On a 17-day, 4,600-mile road trip in April, we had one birding day worth mention.
It was a trip planned for family visits, so birding was, for once, not top priority.
Our really good day was at Magee Marsh in Ohio, a wooded swamp along the Lake Erie shore. "Really good" is relative. Actually, held for close examination against decades of birding, this was a lousy day. But it had its moments.
Magee Marsh is perhaps the best place in the U.S. to be for spring songbird migration. You want to aim for the middle two weeks of May. (Mid-April is by far a lesser choice.)
The marsh is perfect for birders as well as birds. It's situated directly south of Point Pelee, a Canadian location also among North America's best places for spring songbirds. Magee gets birds that halt migration at lake's edge to rest and refuel before flying across. After crossing Lake Erie, many birds land at Point Pelee to recover from the trip.
Magee has the advantage of being more conveniently located. It also has been equipped for birders. An elevated boardwalk winds for more than a mile through the swampland. You often can see birds eye-to-eye. Photographers love Magee Marsh.
The only comparable spot in Minnesota would be Park Point in Duluth, on a day when weather is holding migrants in place. A foggy morning following a strong migration flight the night before can offer once-in-a-lifetime birding. Warblers are the most likely species. They can litter the ground, like spilled jewels.
Some birders would say that the Gulf coast of Texas is the place to be in the spring. The Houston Audubon Society maintains a small piece of shoreline land in Texas, south of the town of Winnie, known as High Island.
Birds crossing the gulf can find first landfall here after that long flight. High Island on the right day can offer another spilled-jewels encounter. High Island is a 1,200-mile drive. Magee Marsh is near half that, about 700 miles.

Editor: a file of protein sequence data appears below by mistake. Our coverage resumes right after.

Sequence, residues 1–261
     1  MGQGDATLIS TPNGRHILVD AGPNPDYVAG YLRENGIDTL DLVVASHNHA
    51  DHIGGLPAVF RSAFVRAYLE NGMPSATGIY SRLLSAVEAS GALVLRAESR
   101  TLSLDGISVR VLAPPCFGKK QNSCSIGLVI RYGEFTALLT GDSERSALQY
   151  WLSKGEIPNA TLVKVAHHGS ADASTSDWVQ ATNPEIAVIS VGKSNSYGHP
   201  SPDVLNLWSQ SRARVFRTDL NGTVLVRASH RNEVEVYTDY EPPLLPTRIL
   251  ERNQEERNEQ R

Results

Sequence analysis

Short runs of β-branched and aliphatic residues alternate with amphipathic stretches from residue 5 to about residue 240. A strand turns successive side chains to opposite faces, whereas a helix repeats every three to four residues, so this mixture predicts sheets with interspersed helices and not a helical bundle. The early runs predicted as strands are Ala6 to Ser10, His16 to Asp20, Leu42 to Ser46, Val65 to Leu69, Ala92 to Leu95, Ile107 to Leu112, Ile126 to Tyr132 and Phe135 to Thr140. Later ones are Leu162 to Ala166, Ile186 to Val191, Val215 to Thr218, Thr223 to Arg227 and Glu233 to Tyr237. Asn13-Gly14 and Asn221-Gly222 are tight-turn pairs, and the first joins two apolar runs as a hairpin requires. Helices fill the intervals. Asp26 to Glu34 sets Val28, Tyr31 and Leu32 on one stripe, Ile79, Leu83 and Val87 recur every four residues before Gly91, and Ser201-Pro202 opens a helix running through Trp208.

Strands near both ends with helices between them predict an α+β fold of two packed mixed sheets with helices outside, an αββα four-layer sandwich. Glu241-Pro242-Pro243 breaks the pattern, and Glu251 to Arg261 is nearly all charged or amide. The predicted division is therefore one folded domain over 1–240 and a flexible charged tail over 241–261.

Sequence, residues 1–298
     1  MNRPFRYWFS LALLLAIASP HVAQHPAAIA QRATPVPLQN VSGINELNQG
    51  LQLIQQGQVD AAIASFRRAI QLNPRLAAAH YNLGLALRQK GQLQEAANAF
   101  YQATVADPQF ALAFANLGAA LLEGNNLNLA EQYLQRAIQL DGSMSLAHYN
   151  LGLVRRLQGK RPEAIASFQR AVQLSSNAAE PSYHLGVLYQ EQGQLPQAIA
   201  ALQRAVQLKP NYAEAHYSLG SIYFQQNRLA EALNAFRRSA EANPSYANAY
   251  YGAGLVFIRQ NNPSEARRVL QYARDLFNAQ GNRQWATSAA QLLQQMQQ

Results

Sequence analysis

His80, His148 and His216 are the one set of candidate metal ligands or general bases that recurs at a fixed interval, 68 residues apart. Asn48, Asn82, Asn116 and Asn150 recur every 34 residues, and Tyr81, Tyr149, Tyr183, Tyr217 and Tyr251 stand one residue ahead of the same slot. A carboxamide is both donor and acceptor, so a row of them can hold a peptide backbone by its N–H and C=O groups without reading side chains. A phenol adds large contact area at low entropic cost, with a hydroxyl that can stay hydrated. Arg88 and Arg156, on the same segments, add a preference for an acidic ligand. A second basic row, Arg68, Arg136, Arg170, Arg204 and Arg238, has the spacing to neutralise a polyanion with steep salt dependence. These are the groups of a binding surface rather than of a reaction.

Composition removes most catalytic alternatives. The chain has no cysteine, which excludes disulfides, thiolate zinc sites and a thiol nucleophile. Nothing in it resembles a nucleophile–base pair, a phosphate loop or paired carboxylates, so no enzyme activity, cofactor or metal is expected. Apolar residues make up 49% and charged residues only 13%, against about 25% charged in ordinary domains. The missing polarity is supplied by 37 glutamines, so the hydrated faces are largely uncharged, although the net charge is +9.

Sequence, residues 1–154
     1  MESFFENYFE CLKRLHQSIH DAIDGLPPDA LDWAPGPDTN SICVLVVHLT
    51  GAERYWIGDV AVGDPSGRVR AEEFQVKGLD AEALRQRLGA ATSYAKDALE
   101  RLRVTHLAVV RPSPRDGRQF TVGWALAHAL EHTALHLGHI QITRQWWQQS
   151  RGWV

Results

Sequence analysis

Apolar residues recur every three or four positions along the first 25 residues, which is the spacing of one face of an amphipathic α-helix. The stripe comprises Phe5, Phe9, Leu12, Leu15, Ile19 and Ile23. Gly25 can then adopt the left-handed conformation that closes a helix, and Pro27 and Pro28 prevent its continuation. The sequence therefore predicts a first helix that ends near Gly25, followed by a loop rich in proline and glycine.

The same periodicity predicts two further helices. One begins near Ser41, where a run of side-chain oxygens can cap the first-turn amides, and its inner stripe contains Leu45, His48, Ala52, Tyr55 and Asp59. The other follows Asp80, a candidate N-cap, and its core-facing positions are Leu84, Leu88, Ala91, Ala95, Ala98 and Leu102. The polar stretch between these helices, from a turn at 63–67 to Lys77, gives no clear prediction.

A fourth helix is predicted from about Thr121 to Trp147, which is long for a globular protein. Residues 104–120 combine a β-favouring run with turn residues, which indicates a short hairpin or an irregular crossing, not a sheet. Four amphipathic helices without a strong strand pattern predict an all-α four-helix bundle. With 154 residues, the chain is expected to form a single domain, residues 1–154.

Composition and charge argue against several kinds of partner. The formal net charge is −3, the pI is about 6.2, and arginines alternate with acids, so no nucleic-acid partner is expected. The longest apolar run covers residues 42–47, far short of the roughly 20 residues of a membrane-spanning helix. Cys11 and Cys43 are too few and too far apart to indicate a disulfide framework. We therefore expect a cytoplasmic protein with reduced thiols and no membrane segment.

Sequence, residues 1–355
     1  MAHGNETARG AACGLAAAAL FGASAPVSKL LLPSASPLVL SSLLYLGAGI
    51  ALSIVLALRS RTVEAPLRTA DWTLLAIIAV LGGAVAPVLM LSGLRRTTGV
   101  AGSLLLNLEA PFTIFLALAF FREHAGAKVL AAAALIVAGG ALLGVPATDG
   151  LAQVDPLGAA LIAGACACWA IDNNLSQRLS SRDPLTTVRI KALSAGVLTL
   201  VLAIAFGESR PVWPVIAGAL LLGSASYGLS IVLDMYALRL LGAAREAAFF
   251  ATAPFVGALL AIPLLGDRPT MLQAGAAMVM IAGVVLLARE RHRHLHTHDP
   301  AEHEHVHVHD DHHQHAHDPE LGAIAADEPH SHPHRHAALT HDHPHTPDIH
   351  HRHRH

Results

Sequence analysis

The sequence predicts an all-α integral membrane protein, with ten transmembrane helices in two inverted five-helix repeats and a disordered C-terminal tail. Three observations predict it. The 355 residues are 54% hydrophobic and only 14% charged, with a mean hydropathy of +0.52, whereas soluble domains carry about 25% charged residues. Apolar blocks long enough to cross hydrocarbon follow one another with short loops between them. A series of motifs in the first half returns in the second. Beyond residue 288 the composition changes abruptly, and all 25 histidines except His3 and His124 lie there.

Duluth, of course, is but 150 miles up the road, and while fog is wonderful it is not essential on a particular day. If mid-to-late-May migration is heavy, songbirds have the same rest/refuel motive for stopping along Park Point as they do at Magee.
It's a matter of fortunate timing wherever you go.
Enjoying slimmer pickings
So, in April, inadequately dressed for unexpected windchill weather (I'm old enough to know better), I got out of the car at Magee, put on gloves, and walked the boardwalk.
Two minutes in, I flushed a winter wren, thinking, how appropriate. The bird flew as that species does, like a jet-propelled mouse. Up, — if 6-inch altitude can be called up — out, and down, just like that.
You identify this bird by its dark brown color and its get-out-of-town flight. Seen as it forages beneath logs and in leaf duff, it is a deep-sable color, with a short, cocked, striped tail.
Heard in the woods singing, its long and complex courtship song is another lifetime experience. There is no woodland song like it.
Other birds seen on that brief walk were brown creeper, ruby-crowned kinglet and blue-gray gnatcatcher. All are early migrants, weather notwithstanding. The three species have similar feeding strategies — nonstop skimming of leaves, branches and tree trunks.
Makes you wonder how they can so quickly see and capture anything. But they do.
Magee Marsh hosts what is called the Biggest Week in American Birding each May, with many events. Dates this year were May 8-17. To make plans for 2016, go to www.biggestweekinamericanbirding.com.
Lifelong birder Jim Williams can be reached at firstname.lastname@example.org. Join his conversation about birds at www.startribune.com/wingnut.